Daily Fantasy NASCAR Track Preview: Bank of America ROVAL 400

The NASCAR Cup Series wraps up the Round of 12 Sunday at the Charlotte roval. How do the playoffs and the length of the race impact our approach for NASCAR DFS?

There are just a couple teenie tiny differences between Talladega and the Charlotte roval.

One is the fastest track on the circuit; the other is a heavy-braker's delight. One keeps cars from going below a yellow line; the other encourages them to jump curbs and take flight.

But from a DFS perspective, a lot of our mindset is the same.

With just 109 laps scheduled for Sunday's Bank of America ROVAL 400, we've got 10.9 FanDuel points available for laps led. That's one of the lower marks all year, and it does limit the upside for drivers starting at the front.

As such, we have an incentive to soak up place-differential points if we can find them. The finishing order won't be as random here as it typically is on a superspeedway, but in a vacuum, the highest-upside plays will be the ones starting further back. We just have to know how to balance that with the playoff drivers starting up front.

We can get a read on that by looking back at last year's playoff race at the roval and seeing how things played out there. Then we'll apply that to this week's starting order and see what the optimal strategies are for Sunday's race.

Accept Place-Differential Where You Find It

For both last year's playoff race and this year's, the 12 drivers remaining in the playoffs occupied the top 12 spots in the starting order. These are typically the drivers most likely to win, making them desirable for finishing points.

Even with that, the perfect lineup in last year's race still had four non-playoff drivers in it.

Perfect LineupSalaryStartLaps Led
Ryan Blaney$12,000 24th14
Joey Logano$11,800 8th0
William Byron$9,700 13th27
Erik Jones$8,000 14th1
Cole Custer$7,300 28th0

William Byron and Erik Jones both started right behind the playoff drivers, so this is largely a technicality, but there were plenty of place-differential points to be had.

That's likely to be true again this week thanks to the way the starting order broke. Five of the top 17 drivers in my model's projected average running position will start in the back half of the field. Four of them will start outside the top 25. We know we want drivers like that in these types of races, and last year showed the efficacy of it. We should take advantage and lean on those drivers as our core plays for tournaments.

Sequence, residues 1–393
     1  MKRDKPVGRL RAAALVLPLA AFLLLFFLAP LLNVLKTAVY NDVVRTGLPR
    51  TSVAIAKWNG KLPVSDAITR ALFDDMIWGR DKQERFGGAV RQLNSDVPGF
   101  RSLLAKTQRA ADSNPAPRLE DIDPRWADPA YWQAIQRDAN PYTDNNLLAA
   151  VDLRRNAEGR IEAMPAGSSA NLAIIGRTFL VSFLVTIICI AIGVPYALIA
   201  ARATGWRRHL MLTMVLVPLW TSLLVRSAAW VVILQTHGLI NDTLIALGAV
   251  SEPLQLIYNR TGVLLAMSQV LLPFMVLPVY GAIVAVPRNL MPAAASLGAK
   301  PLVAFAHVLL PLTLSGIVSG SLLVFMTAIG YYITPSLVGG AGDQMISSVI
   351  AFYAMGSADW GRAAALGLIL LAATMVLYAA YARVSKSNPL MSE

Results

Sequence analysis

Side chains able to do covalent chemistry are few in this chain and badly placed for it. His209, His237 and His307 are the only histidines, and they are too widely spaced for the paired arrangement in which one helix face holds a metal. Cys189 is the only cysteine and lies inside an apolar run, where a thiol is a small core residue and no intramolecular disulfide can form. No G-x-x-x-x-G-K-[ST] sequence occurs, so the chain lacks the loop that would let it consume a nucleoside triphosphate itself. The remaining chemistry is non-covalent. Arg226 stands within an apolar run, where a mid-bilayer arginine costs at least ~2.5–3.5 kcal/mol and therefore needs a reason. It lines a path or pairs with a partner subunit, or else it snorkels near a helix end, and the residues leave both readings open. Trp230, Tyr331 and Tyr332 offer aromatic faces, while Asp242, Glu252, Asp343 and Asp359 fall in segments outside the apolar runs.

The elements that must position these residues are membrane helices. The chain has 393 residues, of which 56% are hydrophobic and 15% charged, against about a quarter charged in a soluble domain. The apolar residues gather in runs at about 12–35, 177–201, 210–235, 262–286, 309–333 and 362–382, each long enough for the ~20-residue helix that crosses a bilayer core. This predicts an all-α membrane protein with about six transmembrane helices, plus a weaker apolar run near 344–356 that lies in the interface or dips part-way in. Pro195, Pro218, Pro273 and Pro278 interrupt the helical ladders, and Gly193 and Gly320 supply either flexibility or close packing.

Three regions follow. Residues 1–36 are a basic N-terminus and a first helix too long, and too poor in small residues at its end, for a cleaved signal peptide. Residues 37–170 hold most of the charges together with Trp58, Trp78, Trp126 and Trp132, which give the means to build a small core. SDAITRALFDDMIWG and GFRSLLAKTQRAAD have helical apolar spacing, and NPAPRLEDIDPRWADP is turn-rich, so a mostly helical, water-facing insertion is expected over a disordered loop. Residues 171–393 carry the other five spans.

That's not to say we should ignore the front. Even last year's race may undersell the viability of playoff drivers.

Last year's roval race was one of just a few since FanDuel started offering contests where the winning driver wasn't in the perfect lineup. Even in these shorter races, the 43 points for a win typically are enough to boost that driver over the top.

Additionally, the presence of Byron and Jones just behind the playoff group shows we don't need to sell our souls for place-differential. We should just accept it when it's available to us. That could mean using two playoff drivers, or it could mean just one. Either way, seeing just one make the list last year shouldn't corner us into thinking that's the only way to play things this weekend.

The other reason to still roster drivers starting near the front is that's where we find our two most likely winners. Kyle Larson and Chase Elliott both have win odds in excess of 16%, according to my simulations. Even if Elliott didn't make it in his win last year, they're likely to wind up in the perfect lineup if they win this year. As such, the odds one of those guys winds up in the perfect lineup are very high, so we can't just ignore them.

That's why I'm likely going to play things similar to last week: I'll pick my assumed winner, and then I'll accept place-differential where I find it with the other four slots.

If that mindset leads to rostering two playoff drivers, I'm fine with it. It very well could at times, too. But with this approach, our core plays will be those starting in the back half of the field who are positioned to run well.

This is a situation where our optimal approach just happens to align well with how the starting grid broke. We want place-differential, and the starting order gave it to us. Although we don't want to completely ignore the front, we should take advantage of this convergence and lean heavily on drivers we think will finish better than where they're starting on Sunday.